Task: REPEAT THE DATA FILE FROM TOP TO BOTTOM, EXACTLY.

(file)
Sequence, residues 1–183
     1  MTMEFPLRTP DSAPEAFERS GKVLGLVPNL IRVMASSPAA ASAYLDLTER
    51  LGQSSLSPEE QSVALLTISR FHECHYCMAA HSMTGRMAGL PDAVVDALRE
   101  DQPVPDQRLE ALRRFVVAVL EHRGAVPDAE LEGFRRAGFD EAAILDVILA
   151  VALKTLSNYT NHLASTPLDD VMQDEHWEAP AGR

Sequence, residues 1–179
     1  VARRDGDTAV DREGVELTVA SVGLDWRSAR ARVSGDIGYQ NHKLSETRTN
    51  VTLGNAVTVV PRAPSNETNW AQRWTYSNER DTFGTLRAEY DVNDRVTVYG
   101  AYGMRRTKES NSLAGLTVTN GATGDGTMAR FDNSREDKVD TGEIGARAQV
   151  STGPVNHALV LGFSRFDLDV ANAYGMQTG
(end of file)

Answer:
Sequence, residues 1–183
     1  MTMEFPLRTP DSAPEAFERS GKVLGLVPNL IRVMASSPAA ASAYLDLTER
    51  LGQSSLSPEE QSVALLTISR FHECHYCMAA HSMTGRMAGL PDAVVDALRE
   101  DQPVPDQRLE ALRRFVVAVL EHRGAVPDAE LEGFRRAGFD EAAILDVILA
   151  VALKTLSNYT NHLASTPLDD VMQDEHWEAP AGR

Sequence, residues 1–179
     1  VARRDGDTAV DREGVELTVA SVGLDWRSAR ARVSGDIGYQ NHKLSETRTN
    51  VTLGNAVTVV PRAPSNETNW AQRWTYSNER DTFGTLRAEY DVNDRVTVYG
   101  AYGMRRTKES NSLAGLTVTN GATGDGTMAR FDNSREDKVD TGEIGARAQV
   151  STGPVNHALV LGFSRFDLDV ANAYGMQTG